University College London scores 145% above the world average. Using the
corresponding score with the difference-based method
(

Table 4 presents the share of institutions with convergent
*MNPC _{R}* and

Note: Both methods were compared based on columns MNCP_{R}
and \({\mathbf{p}_{\mathbf{e}}\mathbf{/p}}_{\mathbf{w}}^{\mathbf{e}}\)
as displayed in Table 3. \({\mathbf{p}_{\mathbf{e}}\mathbf{/p}}_{\mathbf{w}}^{\mathbf{e}}\)
was used as it provides a direct way to express the MNCP_{D} as
a ratio to the world level and, therefore, a viable approach to compare
MNCP_{D} and MNCP_{R}.

Share of convergent results + Share of divergent results = 100%.

The following two columns on divergent cases show that scores normalized using the ratio-based method considerably exceeded those based on the difference-based method more commonly than vice versa. This uneven distribution in the direction of divergent scores is linked to outliers generated by the ratio-based method, which are only located on the right tail of the distribution (Table 1). For smaller institutions, due to their limited number of papers, outliers will not always materialize. In such cases, the ratio-normalized scores will be more influenced by non-cited papers compared to difference-normalized scores. This happens because in the ratio-based method, a score of zero is assigned to all non-cited papers, the minimum possible score in this method, while the difference-based method allows for more nuanced scores of non-cited papers. As the number of papers increases, outliers are more likely to materialize, skewing the scores of these institutions. The last column shows the share of cases in which an observed change of signal (i.e. one of the indicators is above the world level while the other falls below it) was considered relevant according to the margins displayed in the table. Relevant changes in signal are more common in smaller institutions. For institutions with more than 1,000 papers, these discrepancies occur for less than 7% of institutions.

Table 5 presents 10 institutions with divergent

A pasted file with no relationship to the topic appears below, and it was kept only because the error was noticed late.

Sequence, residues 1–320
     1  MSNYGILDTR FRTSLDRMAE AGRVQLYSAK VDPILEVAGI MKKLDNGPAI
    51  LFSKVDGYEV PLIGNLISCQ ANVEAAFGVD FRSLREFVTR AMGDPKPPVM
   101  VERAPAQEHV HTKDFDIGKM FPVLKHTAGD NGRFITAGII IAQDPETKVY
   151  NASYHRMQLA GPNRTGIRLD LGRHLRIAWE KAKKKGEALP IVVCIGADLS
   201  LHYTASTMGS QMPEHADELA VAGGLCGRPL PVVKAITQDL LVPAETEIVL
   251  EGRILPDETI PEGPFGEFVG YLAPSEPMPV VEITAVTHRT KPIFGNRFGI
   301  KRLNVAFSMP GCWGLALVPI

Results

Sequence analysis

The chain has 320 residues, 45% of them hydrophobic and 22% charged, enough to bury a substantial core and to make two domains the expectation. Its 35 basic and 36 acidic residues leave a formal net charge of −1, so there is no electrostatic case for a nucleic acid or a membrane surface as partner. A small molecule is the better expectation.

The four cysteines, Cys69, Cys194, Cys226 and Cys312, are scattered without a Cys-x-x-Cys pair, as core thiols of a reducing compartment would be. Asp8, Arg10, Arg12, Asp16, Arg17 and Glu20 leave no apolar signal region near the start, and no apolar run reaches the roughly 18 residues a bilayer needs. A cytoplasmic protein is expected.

*MNPC _{R}* and

The potential effect of outliers is well illustrated by RK
University. In that case, the exclusion of 1 cited paper (out of 4)
moved its *MNPC _{R}* from 2.14 to 0.87. This paper is
from a normalization stratum (i.e. a conference paper in Networking
& Telecommunications from 2017) whose world’s share of cited papers
(\(p_{f}^{w}\)) is 0.35%. The
ratio-normalized score of this paper (

Note: To remove outliers, all papers from normalization strata
containing the highest ratio-normalized scores (*r _{i}*)
of each institution were excluded. For each institution having 10,000+
papers, the strata containing any of its top 5 papers based on

Simulations were also used to assess the sample size needed to
accurately estimate an entity’s *true* position, relative to the
world, using *MNPC _{R}* versus

Table 6 shows that the difference-based normalization produces
findings that are more likely to align with the *true* population
parameter for most of sample sizes. The exceptions concern those
institutions with *true* population parameters below the world
level for sample sizes ranging from 30 to 100, where
*MNPC _{R}* has a higher degree of agreement with the
population parameters than

*MNPC*discriminates non-cited papers across normalization strata with differing world shares of cited papers whereas_{D}*MNPC*cannot discriminate them._{R}*MNPC*, compared to_{D}*MNPC*, permits juxtaposing an entity’s raw share with its world equivalent in support a of a more nuanced interpretation of observed differences._{R}Cases of divergence between